Princeton University Library Catalog
- Xu, Kingston [Browse]
- Senior thesis
- Lidow, Derek [Browse]
- Princeton University. Department of Mechanical and Aerospace Engineering [Browse]
- Class year:
- 84 pages
- Summary note:
- The impetus for this thesis was to engineer, design, and fabricate a running shoe whose primary mechanism of shock absorption in the sole was a cantilever spring made of wood and/or a woody material. While modern sneakers boast an impressive breadth of shapes, colors, and well-marketed sole technologies across diﬀerent models and brands, they are manufactured using a rather rigidly-deﬁned arsenal of synthetic plastic-based fabrics and foams. With that said, the author wanted to explore how the design of a sneaker would change if it were instead made of wood and other naturally-derived materials.
The primary investigation was to see if a sneaker comprised of sustainable and environmentally-friendly components would be able to match or even exceed the performance of plastics-based running shoes that have become the standard. Aesthetics were also an important consideration for the ﬁnal product.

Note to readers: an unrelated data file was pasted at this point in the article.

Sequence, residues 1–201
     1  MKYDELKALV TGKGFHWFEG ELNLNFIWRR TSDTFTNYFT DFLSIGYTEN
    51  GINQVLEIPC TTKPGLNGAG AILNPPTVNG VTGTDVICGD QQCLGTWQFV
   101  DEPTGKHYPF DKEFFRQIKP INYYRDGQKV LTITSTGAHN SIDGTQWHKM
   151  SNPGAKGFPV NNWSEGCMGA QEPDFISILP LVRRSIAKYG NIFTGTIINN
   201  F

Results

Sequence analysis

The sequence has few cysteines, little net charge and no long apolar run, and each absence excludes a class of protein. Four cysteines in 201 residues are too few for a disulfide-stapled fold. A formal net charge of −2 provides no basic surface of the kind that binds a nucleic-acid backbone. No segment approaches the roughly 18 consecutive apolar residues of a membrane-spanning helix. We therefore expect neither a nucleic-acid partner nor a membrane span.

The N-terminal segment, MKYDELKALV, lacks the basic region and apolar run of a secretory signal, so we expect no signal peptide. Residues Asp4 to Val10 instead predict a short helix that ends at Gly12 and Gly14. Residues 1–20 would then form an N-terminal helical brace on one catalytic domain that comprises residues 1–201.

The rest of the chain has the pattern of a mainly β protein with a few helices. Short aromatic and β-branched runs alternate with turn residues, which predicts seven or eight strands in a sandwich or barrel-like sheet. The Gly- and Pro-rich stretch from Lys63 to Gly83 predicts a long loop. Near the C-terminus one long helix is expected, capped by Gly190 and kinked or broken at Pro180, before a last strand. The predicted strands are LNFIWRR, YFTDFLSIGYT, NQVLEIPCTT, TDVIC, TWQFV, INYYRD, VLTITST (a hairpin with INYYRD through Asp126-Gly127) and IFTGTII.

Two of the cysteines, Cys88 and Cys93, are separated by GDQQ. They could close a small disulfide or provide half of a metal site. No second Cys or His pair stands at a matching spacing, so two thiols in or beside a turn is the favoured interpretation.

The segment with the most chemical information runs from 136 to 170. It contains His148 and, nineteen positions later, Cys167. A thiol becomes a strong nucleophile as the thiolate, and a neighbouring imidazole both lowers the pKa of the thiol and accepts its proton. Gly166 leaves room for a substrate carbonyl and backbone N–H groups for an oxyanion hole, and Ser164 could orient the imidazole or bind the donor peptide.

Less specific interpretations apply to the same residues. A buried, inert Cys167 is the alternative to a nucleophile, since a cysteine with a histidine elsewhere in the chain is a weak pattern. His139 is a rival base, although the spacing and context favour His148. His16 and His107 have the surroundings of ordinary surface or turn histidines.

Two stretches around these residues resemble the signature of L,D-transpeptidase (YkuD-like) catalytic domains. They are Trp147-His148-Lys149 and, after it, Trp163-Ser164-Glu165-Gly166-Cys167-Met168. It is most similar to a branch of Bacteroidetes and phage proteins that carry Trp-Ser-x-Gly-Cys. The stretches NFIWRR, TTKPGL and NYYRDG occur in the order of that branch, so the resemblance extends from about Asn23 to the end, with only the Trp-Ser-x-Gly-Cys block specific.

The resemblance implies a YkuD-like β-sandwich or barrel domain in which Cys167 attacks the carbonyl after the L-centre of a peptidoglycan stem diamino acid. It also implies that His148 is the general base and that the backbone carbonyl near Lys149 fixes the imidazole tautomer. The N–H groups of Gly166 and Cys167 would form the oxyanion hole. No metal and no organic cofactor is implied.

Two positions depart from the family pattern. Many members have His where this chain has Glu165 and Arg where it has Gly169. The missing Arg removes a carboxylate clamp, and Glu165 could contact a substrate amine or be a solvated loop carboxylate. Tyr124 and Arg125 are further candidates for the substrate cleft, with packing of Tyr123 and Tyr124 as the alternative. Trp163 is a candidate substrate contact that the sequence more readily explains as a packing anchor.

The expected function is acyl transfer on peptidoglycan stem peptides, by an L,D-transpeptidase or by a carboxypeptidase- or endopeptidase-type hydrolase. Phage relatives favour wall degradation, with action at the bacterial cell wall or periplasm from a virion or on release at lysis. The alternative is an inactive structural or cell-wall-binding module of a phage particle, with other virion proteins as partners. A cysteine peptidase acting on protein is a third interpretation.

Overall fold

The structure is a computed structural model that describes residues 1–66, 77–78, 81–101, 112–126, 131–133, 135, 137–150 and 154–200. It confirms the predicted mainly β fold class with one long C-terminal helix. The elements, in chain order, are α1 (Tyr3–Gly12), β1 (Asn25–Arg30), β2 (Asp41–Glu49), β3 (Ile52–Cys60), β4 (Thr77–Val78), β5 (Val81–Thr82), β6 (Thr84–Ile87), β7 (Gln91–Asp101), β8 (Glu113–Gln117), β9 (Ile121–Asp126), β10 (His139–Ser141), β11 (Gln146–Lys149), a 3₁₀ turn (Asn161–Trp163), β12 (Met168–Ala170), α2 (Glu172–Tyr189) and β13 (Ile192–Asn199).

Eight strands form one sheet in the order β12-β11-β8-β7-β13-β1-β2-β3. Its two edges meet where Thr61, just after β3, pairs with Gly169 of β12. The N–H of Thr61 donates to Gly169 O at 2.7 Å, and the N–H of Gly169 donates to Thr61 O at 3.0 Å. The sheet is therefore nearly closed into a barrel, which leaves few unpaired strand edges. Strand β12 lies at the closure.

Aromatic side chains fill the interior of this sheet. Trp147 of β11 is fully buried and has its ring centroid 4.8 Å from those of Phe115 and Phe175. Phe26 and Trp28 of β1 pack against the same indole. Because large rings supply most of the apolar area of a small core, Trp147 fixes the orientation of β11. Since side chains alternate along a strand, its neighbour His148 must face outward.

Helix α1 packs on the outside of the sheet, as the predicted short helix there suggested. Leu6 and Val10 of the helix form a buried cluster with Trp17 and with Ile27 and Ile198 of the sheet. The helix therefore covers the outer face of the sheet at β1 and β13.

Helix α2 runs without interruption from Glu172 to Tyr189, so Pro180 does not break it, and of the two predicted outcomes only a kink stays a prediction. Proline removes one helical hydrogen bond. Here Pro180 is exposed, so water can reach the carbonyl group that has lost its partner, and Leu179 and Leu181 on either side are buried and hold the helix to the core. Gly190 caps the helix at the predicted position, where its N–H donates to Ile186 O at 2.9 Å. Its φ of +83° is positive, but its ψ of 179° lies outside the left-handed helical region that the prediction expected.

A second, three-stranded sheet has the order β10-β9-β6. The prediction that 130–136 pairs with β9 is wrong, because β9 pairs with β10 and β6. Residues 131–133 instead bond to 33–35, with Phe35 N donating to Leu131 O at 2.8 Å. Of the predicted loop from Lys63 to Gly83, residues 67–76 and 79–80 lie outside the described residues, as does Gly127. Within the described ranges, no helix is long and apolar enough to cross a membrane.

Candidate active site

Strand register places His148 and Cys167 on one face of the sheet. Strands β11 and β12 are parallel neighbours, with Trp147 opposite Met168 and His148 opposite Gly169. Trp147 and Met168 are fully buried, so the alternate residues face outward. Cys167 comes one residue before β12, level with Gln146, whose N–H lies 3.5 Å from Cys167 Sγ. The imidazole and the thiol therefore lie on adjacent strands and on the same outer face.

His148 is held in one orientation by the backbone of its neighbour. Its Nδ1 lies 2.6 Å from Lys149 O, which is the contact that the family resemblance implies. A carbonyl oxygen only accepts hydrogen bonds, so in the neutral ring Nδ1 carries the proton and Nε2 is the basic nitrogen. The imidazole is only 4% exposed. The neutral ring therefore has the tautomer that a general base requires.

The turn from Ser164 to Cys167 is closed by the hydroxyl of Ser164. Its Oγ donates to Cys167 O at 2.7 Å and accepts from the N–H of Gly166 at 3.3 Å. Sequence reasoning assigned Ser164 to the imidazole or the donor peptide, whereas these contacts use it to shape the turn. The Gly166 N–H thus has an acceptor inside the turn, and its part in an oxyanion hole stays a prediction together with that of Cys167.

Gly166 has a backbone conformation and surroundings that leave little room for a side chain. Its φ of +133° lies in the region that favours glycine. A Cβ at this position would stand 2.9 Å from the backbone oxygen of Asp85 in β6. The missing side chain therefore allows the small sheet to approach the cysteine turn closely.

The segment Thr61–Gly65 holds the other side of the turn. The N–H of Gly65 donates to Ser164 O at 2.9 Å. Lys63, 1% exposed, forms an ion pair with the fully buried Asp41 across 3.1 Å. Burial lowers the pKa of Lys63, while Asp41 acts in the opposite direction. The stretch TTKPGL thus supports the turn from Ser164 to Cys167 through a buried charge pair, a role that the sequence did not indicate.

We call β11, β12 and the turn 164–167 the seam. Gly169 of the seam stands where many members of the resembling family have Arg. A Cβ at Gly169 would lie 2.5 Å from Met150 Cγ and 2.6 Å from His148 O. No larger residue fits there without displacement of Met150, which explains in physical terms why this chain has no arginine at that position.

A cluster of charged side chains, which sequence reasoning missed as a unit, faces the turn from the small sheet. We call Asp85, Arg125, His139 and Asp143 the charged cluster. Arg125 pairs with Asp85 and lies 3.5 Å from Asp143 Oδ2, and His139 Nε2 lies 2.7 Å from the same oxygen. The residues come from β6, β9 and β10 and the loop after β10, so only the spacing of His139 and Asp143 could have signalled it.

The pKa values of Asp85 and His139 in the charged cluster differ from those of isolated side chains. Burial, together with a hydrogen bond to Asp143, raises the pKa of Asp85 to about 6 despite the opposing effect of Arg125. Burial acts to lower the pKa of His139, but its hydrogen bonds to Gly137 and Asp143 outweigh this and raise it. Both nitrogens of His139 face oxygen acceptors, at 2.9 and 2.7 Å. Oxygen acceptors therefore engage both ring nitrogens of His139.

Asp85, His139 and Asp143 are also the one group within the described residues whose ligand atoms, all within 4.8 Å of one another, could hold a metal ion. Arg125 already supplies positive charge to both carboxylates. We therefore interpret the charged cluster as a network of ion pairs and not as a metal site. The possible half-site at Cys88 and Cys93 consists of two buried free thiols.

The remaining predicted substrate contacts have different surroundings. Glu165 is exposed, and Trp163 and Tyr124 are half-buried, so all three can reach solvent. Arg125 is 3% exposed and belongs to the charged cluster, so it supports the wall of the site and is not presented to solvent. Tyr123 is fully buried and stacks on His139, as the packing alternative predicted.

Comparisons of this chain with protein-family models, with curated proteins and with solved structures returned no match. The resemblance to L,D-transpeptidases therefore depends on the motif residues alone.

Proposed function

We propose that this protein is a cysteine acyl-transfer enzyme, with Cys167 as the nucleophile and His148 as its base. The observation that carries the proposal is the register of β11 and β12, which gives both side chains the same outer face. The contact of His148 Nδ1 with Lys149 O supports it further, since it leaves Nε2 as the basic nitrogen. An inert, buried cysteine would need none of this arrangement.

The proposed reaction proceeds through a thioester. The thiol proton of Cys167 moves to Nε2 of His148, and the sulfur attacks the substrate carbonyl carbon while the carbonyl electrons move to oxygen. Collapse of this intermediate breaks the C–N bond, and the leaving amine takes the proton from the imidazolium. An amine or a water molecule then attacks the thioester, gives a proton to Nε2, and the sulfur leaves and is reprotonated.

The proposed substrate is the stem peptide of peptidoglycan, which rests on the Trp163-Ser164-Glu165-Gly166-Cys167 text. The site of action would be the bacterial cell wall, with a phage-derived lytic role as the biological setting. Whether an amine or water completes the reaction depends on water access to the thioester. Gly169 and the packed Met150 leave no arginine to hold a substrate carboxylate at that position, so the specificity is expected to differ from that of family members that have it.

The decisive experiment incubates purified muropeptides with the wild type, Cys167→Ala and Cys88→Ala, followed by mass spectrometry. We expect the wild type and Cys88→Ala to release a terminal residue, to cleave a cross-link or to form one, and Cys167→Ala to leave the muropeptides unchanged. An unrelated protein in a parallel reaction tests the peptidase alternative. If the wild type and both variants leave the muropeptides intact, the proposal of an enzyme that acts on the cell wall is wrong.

Through research and analysis of the material properties belonging to diﬀerent types of wood, it was decided that bamboo would be used for the sole due to its high strength-to-weight ratio, sustainability (fast growth rate), and unique appearance. Other materials included cork, hemp fabric, and hemp twine for the various other parts of the shoe.
Two iterations of design were completed, with issues and complications from the ﬁrst improved upon in the second. It was determined that a durable and comfortable shoe made from bamboo is highly feasible, and that the cantilever spring sole is both mechanically eﬀective and aesthetically unique. Due to natural variability in organic materials like bamboo, production consistent with design intent was diﬃcult to achieve and manufacturing defects that aﬀected the characteristics of the heel spring were present. Therefore, results may not reﬂect the potential of the design and materials under more ideal conditions.
Remedies and future improvements are proposed. Ultimately, much insight was gained into ﬁnding a new way of manipulating one of mankind’s most ubiquitously-used materials.